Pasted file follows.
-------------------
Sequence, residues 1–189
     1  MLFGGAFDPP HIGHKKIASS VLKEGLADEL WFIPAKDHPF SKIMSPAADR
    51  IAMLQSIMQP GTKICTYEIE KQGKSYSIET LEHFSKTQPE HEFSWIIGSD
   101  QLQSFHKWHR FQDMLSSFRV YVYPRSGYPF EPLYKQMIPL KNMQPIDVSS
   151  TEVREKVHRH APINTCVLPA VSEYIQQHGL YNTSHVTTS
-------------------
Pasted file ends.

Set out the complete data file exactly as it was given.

Sequence, residues 1–189
     1  MLFGGAFDPP HIGHKKIASS VLKEGLADEL WFIPAKDHPF SKIMSPAADR
    51  IAMLQSIMQP GTKICTYEIE KQGKSYSIET LEHFSKTQPE HEFSWIIGSD
   101  QLQSFHKWHR FQDMLSSFRV YVYPRSGYPF EPLYKQMIPL KNMQPIDVSS
   151  TEVREKVHRH APINTCVLPA VSEYIQQHGL YNTSHVTTS